Mechanisms of Retrotransposon Replication

  • Gabriel, Abram (PI)

Project Details


9317281 Gabriel Trypanosomal CRE1 and human L1 are members of the little understood family of mobile genes known as non-LTR retrotransposons that are widely distributed in mammals, insects, plants, trypanosomatids, and fungi. While evidence suggests that this class of transposon is involved in such diverse and fundamental processes as insertional mutagenesis, genetic disease initiation, pseudogene formation, and genome evolution, almost nothing is known about the mechanisms by which these elements transpose other than that they use RNA intermediates. Most non- LTR retrotransposons are dispersed throughout their host's genome. However, CRE1 and related elements in other trypanosomes have the unusual feature that they are inserted at a specific, conserved site within a set of tandemly duplicated genes. We propose to utilize a novel yeast expression system to study the biochemistry of the reverse transcriptase encoded by human L1 and to identify the basis for CRE1 site-specific insertion. Accomplishment of our specific aims will advance knowledge of the mechanisms involved in the replication of this poorly understood but biologically important class of retrotransposons. On a broader scale, the results will be relevant to questions concerning eukaryotic genome organization and evolution, as well as the pathogenesis of human genetic disease. %%% A variety of transposable genetic elements ('jumping genes') are found within the DNA of all organisms. Over 10% of human chromosomal DNA is made up of sequences that were copied from RNA into DNA using the enzyme reverse transcriptase (RT). This enzyme, first found in retroviruses, is now known to be essential for a large class of transposons to copy themselves and move to new genomic locations. We have shown that a functional gene for RT is normally found in human DNA as part of the transposon L1. We propose to study the biochemical properties of L1 RT to determine how it recognizes its own sequences and how it can copy other RNA back into DNA. Further, we propose to study an unusual property of a similar transposon, CRE1, from a protozoan parasite. CRE1 is only found inserted in a single region of its host's chromosomes, and the basis for site-specificity may give clues to the mechanisms it employs in its jumping. Our studies will help elucidate the workings of a poorly understood class of genetic elements which have been implicated in creating mutations, causing genetic disease, and stimulating species evolution. ***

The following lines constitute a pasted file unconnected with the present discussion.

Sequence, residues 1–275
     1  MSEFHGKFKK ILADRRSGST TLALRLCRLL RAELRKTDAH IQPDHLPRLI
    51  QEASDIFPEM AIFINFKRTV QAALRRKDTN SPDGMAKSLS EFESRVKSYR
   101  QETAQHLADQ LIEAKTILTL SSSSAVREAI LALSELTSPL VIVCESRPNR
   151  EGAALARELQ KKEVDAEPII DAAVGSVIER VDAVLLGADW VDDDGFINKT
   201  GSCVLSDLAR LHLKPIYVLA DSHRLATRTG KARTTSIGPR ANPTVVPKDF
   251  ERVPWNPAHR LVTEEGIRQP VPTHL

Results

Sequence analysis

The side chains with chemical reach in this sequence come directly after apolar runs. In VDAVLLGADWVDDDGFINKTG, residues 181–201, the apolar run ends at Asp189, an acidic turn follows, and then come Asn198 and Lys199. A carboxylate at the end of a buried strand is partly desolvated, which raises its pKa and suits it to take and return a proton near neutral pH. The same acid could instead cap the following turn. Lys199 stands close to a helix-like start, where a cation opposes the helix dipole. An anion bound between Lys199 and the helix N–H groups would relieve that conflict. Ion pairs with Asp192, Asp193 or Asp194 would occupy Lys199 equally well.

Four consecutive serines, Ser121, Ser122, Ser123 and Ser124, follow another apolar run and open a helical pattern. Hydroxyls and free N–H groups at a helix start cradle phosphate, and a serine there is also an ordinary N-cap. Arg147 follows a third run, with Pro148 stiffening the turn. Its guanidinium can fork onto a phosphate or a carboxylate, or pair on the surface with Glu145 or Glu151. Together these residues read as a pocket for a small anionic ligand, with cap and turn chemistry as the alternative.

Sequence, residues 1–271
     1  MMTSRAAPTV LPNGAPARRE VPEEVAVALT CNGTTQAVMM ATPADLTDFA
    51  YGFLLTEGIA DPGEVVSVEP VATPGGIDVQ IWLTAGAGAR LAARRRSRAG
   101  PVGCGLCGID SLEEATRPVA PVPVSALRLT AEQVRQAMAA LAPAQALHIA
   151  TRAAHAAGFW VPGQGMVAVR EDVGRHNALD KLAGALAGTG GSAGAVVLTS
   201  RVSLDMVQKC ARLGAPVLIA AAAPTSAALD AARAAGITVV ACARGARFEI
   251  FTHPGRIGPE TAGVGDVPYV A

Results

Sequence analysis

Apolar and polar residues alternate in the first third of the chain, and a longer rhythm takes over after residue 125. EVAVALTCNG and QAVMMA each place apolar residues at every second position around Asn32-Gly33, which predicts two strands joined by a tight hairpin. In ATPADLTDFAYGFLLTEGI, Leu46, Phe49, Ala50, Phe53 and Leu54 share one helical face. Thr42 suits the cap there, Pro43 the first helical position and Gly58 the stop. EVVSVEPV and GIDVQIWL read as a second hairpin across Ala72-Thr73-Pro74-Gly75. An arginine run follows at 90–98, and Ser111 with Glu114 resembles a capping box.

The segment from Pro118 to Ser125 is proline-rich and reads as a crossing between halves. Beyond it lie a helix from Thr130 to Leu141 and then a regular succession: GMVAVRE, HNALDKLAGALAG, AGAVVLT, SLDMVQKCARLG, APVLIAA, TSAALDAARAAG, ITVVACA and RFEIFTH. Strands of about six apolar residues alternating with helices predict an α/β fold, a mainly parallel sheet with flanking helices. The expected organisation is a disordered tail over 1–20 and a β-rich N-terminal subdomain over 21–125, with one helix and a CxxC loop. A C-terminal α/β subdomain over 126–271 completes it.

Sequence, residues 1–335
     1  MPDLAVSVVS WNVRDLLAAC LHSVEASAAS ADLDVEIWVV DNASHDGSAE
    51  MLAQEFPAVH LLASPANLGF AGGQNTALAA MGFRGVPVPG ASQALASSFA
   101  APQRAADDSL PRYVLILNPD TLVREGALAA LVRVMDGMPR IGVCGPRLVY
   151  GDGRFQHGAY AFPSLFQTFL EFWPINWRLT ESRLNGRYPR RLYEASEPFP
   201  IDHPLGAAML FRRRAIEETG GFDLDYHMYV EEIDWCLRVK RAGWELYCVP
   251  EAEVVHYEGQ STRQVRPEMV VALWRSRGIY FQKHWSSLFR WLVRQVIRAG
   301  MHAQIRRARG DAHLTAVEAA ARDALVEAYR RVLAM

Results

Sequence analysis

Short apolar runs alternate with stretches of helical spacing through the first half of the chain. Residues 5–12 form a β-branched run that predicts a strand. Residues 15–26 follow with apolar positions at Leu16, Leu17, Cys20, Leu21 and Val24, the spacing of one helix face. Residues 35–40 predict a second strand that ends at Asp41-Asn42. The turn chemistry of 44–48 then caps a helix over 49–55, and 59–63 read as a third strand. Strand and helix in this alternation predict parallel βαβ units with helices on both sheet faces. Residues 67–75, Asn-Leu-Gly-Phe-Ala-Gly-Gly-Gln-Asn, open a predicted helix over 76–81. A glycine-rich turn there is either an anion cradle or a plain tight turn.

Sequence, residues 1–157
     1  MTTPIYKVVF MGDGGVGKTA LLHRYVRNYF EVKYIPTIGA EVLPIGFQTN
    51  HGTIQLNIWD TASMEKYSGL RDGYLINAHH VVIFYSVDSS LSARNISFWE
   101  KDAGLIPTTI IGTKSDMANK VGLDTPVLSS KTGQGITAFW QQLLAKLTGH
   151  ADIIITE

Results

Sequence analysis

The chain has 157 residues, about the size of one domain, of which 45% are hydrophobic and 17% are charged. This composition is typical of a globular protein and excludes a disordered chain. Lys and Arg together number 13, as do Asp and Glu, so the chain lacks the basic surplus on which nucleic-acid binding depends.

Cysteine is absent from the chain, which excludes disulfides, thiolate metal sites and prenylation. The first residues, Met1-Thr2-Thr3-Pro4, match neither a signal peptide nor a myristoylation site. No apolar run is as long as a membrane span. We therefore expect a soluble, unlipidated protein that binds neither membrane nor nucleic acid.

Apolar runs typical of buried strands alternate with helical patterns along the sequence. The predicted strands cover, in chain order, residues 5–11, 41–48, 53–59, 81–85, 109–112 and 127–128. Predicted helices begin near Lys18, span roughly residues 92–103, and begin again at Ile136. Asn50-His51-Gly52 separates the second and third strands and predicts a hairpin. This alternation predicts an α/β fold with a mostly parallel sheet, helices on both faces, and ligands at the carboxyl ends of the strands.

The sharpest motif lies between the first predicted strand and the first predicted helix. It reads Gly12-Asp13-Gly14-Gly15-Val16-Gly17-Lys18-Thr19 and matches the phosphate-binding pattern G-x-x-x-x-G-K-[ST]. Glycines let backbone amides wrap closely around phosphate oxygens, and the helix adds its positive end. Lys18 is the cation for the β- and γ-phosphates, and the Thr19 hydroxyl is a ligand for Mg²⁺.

Effective start/end date1/15/946/30/97


  • National Science Foundation: $274,000.00


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